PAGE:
Let us hear from one voice:
“We live in a time of exile. At least those of us do who hold to traditional Christian beliefs. The strident rhetoric of scientism has made belief in the supernatural look ridiculous. The Pill, no-fault divorce, and now gay marriage have made traditional sexual ethics look outmoded at best and hateful at worst. The Western public square is no longer a place where Christians feel they belong with any degree of comfort.
It is also being driven by issues that few predicted would have such cultural force. It is surely an irony as unexpected as it is unwelcome that sex—that most private and intimate act—has become the most pressing public policy issue today. (Who could have imagined that policies concerning contraception and laws allowing same-sex marriage would present the most serious challenges to religious freedom?) We are indeed set for exile, though not an exile which pushes us to the geographical margins. It’s an exile to cultural irrelevance.”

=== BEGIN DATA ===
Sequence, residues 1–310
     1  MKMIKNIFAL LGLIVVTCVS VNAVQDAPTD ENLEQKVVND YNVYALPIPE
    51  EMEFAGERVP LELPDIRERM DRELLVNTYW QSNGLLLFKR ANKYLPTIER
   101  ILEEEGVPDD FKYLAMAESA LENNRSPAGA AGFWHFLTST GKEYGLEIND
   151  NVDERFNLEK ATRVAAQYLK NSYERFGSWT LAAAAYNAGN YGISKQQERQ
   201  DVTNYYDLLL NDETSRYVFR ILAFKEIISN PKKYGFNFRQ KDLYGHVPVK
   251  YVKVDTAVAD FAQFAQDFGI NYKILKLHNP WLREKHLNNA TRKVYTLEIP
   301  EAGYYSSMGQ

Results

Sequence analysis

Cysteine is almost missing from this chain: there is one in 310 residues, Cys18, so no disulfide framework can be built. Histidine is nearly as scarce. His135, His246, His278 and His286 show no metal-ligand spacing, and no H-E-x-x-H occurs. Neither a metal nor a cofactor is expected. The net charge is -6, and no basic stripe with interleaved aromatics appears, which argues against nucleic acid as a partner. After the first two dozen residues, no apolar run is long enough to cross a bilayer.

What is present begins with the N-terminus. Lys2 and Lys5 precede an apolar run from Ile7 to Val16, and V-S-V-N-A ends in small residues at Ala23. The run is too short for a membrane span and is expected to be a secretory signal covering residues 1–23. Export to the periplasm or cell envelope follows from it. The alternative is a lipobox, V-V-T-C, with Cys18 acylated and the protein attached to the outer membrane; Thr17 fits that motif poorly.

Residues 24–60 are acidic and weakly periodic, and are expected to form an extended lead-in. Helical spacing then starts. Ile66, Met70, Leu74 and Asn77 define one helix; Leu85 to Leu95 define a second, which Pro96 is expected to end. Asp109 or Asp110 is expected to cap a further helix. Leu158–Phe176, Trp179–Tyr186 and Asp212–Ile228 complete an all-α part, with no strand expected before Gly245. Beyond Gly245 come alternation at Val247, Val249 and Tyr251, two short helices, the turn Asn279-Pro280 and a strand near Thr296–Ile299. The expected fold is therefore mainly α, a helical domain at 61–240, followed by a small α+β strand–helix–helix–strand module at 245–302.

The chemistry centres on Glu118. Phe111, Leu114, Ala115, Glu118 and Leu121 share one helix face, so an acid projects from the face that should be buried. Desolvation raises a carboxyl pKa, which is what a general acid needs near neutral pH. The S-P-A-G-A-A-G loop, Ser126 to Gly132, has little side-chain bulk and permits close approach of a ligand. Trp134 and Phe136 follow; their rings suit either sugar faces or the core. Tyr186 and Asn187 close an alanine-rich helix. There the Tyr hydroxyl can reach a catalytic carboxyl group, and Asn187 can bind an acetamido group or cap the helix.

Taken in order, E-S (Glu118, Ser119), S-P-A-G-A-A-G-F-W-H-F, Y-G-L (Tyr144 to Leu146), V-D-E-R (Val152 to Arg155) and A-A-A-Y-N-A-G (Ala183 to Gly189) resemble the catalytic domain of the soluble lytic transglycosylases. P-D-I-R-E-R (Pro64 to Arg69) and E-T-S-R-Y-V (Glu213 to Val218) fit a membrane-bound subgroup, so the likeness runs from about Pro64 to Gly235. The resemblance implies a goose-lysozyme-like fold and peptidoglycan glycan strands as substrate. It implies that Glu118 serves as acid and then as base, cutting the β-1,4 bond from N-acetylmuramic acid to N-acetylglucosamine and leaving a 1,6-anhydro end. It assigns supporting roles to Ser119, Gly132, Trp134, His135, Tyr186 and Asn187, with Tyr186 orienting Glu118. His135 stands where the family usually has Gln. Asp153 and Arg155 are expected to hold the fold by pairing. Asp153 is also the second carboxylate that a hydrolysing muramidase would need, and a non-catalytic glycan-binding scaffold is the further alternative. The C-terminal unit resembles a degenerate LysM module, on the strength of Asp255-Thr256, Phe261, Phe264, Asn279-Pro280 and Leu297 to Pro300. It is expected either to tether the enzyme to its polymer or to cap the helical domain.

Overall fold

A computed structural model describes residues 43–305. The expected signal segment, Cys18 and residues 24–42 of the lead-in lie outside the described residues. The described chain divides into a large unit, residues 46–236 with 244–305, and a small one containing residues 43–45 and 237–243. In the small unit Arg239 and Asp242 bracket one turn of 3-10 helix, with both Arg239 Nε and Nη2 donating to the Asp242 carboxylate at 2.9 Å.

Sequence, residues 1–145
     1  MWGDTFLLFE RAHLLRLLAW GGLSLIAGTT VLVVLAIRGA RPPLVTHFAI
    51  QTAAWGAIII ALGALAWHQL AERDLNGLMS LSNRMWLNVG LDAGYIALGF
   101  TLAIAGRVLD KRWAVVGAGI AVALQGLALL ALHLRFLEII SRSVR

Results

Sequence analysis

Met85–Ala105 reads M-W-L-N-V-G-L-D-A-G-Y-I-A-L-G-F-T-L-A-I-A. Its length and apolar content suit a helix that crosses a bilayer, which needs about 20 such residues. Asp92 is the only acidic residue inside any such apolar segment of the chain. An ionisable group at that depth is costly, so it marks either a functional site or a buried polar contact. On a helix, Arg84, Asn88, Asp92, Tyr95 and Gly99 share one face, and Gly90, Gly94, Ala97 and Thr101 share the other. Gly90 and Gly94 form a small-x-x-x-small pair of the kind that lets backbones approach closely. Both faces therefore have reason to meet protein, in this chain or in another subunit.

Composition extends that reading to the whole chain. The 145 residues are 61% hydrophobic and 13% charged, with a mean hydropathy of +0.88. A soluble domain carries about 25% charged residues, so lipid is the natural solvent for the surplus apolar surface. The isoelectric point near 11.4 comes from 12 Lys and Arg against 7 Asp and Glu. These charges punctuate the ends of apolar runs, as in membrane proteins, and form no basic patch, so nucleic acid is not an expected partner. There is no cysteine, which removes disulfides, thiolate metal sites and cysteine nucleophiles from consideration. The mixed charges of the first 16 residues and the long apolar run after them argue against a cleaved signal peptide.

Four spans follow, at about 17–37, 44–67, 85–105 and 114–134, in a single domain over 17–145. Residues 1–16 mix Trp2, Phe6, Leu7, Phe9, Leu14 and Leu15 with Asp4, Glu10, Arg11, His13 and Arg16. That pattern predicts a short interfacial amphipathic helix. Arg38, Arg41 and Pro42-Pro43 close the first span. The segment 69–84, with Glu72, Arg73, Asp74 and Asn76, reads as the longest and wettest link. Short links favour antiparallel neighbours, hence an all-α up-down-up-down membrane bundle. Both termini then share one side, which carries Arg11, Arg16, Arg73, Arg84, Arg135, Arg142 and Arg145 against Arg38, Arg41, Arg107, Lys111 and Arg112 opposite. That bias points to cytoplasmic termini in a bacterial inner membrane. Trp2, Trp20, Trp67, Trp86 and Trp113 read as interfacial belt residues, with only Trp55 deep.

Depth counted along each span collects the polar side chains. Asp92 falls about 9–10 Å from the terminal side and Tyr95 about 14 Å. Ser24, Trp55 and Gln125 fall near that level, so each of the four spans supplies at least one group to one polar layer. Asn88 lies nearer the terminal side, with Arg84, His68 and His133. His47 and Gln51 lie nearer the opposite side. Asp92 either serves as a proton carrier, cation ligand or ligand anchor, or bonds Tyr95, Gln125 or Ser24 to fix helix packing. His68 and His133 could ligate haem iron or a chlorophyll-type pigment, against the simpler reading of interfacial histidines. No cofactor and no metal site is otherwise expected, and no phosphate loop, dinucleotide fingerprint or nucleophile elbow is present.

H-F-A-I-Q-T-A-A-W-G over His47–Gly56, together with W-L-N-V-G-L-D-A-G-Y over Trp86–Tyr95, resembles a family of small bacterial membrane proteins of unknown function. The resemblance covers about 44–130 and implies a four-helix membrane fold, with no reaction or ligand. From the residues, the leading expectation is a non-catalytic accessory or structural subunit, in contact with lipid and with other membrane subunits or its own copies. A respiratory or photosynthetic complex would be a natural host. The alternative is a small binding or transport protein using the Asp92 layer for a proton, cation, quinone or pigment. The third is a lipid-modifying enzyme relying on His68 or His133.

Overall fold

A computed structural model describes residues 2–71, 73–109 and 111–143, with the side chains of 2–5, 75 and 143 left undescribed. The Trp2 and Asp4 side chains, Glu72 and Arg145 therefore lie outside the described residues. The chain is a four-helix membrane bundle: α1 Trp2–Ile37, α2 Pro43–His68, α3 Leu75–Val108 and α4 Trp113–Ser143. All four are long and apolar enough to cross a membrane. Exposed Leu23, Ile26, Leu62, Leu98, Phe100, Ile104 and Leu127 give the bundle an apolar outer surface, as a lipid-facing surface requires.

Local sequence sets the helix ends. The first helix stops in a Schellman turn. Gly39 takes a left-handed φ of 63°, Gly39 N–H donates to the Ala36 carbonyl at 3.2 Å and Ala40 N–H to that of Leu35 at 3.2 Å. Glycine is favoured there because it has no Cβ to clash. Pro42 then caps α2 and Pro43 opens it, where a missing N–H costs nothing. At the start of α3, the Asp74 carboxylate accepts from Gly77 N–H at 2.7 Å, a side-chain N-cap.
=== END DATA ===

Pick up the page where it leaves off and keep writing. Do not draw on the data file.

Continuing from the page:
By ROD DREHER for the American Conservative
I maintain that cultural irrelevance is not the end of things, but the beginning.
The Church has been in this situation before. Exile meant being moved from home and family. It meant persecution and death. We lived in a fantasy that such persecution would never come again. This time persecution will come under the banner of equality, uniqueness, and freedom. How do we survive this? Let me draw a few ideas from the history of the Church which not only survived, but converted the world around her. These strategies have always been true, but in exile they are more urgent.
In exile, it is vital that we draw closer together in community. This doesn’t mean that we close our doors to the world or move to Montana. It means that it is the Church, and not our circle of friends, family or work, from which we will draw our strength and protection. We will need our Orthodox brothers and sisters, priests and hierarchs to draw closer together in love and mutual support. The Sunday Liturgy is an expression of our community, but once a week is not enough for those in exile. The fellowship that we will share in these meetings will be vital. We must abandon the American myth that we are all self-sufficient individuals and can do just fine on our own. This is the way the early church survived dark times of exile.